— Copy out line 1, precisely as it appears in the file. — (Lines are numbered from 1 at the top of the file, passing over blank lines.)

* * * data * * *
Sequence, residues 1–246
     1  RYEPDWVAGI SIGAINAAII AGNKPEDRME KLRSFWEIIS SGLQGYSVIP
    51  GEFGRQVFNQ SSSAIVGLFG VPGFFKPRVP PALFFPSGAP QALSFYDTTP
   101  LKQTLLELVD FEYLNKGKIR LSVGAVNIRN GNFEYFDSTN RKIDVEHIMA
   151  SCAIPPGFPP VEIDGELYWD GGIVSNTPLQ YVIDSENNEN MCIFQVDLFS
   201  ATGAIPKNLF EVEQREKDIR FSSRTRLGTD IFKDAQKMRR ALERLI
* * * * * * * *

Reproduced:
Sequence, residues 1–246